Face-Off: The Revenant vs. The Grey

Welcome back, blood bathers, to the JoBlo movie segment, Face-Off. We have an excellent showdown for you today, as two movies about survival will face the ultimate test of...survival: THE REVENANT and THE GREY.

On the left we have the Oscar-winning mega hit, which finally snagged it's leading man, Leonardo DiCaprio, his first Oscar after years of rejection in a performance he put his entire heart, soul and body into. On the right we have the film that was advertised as "Liam Neeson punching wolves", but became so much more, featuring one of the best performances ever from the Irish superstar

Both movies pit astounding leading men against impossible odds in a test of redemption, revenge and, overall, manliness. Today, they face a challenge unlike the freezing cold, ravenous animals and blowing snow — each other!

Leonardo DiCaprio as Hugh Glass
Tom Hardy as John Fitzgerald
Domhnall Gleeson as Captain Andrew Henry
Will Poulter as Bridger
Lukas Haas as Jones
Forrest Goodluck as Hawk
Liam Neeson as Ottway
Frank Grillo as Diaz
Dermot Mulroney as Talget
Dallas Roberts as Henrick
James Badge Dale as Lewendon
Joe Anderson as Flannery
Nonso Anozie as Burke
Alejandro G. Iñárritu made a name for himself with somber, character-driven dramas like BABEL and 21 GRAMS but in recent years has achieved legendary status by creating philosophical masterpieces that are also visually marvelous, like the subject of this Face-Off and BIRDMAN, both of which won him the best director Oscar two years in a row. Just like in BIRDMAN, Iñárritu not only creates a visceral showstopper, but also directs his leading man (DiCaprio) to a career-best performance. Everything he demonstrated on BIRDMAN he brought to the table here and improved on it in spades.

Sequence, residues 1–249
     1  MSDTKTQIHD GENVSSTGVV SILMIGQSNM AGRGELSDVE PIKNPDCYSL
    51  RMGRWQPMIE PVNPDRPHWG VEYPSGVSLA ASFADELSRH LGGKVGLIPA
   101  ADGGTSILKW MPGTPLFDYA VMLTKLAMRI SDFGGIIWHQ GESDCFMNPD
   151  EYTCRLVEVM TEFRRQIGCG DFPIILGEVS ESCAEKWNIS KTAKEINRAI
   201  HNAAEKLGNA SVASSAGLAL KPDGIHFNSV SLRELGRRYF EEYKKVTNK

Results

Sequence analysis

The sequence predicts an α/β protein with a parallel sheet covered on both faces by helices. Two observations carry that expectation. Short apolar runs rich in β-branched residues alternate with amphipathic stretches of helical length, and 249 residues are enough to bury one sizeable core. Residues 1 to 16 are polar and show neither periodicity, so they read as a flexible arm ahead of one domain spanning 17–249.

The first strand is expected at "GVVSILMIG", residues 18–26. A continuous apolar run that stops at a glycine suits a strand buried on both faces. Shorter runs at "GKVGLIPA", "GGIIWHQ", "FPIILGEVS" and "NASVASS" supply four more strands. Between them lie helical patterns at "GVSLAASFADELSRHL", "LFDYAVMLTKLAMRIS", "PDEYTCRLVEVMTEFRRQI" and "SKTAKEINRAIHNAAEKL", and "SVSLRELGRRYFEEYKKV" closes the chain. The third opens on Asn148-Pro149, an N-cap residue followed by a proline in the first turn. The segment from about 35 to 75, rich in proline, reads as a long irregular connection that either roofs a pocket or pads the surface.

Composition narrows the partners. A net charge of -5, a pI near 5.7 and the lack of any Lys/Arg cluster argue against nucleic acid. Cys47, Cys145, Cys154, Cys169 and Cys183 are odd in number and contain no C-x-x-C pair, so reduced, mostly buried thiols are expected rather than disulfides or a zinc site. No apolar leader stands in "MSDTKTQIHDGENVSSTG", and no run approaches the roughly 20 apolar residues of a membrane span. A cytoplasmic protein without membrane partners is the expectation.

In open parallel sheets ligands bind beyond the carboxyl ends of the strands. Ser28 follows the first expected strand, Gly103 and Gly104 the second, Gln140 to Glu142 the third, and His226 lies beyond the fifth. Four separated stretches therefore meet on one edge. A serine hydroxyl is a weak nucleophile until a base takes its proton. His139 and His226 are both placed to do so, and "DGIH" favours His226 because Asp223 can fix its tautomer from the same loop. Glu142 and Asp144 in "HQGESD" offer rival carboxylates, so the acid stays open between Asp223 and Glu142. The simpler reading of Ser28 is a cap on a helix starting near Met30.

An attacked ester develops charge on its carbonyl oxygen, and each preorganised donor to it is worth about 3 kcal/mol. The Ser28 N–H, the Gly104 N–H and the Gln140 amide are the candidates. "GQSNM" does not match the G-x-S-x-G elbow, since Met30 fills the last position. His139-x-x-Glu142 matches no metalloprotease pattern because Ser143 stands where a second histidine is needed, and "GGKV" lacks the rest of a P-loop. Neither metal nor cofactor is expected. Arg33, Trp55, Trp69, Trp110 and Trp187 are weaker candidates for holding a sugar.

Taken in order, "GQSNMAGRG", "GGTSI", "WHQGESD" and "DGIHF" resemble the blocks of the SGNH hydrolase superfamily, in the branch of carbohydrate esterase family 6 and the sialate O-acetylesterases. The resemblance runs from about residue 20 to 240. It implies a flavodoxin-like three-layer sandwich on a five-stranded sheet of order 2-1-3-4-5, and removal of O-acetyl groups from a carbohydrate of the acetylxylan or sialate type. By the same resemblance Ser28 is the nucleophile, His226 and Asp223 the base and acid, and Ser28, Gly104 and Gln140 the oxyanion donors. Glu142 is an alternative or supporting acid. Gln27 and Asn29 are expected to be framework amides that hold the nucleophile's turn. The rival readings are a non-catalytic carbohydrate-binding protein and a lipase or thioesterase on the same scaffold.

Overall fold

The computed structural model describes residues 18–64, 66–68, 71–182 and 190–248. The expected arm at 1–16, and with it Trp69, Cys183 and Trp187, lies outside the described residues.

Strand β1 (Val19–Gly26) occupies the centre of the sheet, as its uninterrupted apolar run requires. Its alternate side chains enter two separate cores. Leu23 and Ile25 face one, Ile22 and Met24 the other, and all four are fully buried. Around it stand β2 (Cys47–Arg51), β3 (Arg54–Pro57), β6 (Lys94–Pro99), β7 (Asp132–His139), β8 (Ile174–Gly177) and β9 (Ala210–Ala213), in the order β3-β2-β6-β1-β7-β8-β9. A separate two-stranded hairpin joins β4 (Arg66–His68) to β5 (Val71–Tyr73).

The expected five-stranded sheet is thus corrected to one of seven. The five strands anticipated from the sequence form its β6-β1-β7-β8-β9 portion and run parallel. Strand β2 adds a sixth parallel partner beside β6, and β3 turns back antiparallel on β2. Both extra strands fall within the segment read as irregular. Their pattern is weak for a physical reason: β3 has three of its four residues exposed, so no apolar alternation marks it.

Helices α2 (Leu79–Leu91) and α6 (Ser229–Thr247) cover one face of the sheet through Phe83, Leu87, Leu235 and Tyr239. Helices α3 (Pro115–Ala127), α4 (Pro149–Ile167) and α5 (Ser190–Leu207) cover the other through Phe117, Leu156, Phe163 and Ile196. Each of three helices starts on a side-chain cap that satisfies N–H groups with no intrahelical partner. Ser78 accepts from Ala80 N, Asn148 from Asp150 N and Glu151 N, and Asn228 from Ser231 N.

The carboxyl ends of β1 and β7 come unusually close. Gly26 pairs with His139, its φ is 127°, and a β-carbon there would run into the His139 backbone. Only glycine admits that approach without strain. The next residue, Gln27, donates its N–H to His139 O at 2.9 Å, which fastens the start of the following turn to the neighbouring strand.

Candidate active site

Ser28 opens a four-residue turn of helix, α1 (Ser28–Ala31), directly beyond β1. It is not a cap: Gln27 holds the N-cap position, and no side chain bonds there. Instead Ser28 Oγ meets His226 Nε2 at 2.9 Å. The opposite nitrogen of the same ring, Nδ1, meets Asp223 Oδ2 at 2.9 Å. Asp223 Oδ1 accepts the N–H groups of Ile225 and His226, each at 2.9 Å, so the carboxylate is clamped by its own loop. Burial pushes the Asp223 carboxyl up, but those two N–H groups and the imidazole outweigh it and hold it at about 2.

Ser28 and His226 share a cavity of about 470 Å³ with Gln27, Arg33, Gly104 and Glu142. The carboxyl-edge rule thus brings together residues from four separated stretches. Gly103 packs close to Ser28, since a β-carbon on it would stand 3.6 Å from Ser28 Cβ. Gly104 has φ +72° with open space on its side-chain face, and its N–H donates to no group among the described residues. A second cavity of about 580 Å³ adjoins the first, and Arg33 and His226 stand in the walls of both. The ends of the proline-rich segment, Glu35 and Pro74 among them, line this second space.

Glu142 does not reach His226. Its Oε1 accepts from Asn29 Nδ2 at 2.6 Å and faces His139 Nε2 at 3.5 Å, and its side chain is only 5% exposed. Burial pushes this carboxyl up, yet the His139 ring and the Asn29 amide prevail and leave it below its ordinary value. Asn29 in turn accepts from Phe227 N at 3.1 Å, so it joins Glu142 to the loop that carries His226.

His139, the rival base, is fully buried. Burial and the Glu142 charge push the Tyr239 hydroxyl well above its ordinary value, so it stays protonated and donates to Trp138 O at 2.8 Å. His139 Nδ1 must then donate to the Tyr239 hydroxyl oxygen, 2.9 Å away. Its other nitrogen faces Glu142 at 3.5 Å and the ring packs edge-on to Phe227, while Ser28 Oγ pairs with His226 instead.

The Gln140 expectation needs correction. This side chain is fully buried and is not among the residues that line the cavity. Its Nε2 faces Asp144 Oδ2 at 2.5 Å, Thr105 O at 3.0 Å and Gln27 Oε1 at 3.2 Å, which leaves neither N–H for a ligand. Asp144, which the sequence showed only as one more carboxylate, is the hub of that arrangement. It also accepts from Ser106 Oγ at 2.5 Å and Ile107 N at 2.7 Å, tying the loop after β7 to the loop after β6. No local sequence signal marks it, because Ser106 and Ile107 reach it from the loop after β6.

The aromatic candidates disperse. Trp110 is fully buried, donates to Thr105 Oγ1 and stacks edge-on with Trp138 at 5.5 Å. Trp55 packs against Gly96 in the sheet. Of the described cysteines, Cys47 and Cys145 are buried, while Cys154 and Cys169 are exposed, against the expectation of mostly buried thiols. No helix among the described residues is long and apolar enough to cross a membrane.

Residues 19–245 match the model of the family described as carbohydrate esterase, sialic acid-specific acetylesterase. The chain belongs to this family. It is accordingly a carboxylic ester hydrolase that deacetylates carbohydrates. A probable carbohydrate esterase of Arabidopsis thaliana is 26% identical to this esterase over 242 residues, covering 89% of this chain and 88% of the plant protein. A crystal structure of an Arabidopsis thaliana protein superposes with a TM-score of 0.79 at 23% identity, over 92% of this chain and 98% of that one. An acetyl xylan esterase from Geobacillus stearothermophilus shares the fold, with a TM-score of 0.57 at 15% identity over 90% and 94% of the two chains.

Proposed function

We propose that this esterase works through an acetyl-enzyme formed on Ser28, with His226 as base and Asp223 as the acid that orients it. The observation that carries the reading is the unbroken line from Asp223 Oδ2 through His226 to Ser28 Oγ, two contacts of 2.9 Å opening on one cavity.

Joe Carnahan is mostly known for his off-the-wall, crazy action movies, like SMOKIN' ACES and THE A-TEAM, but he proved with THE GREY that there is a depth to the lunacy, delivering a poignant, methodical and still badass survival flick. Though he has yet to deliver something on the same scale as this film, both in scope and complexity, he deserves much praise for his work here, and hopefully we will see more of this kind of stuff from him down the road. I mean, I'd even take some wolf action in his upcoming THE RAID remake. Baby steps.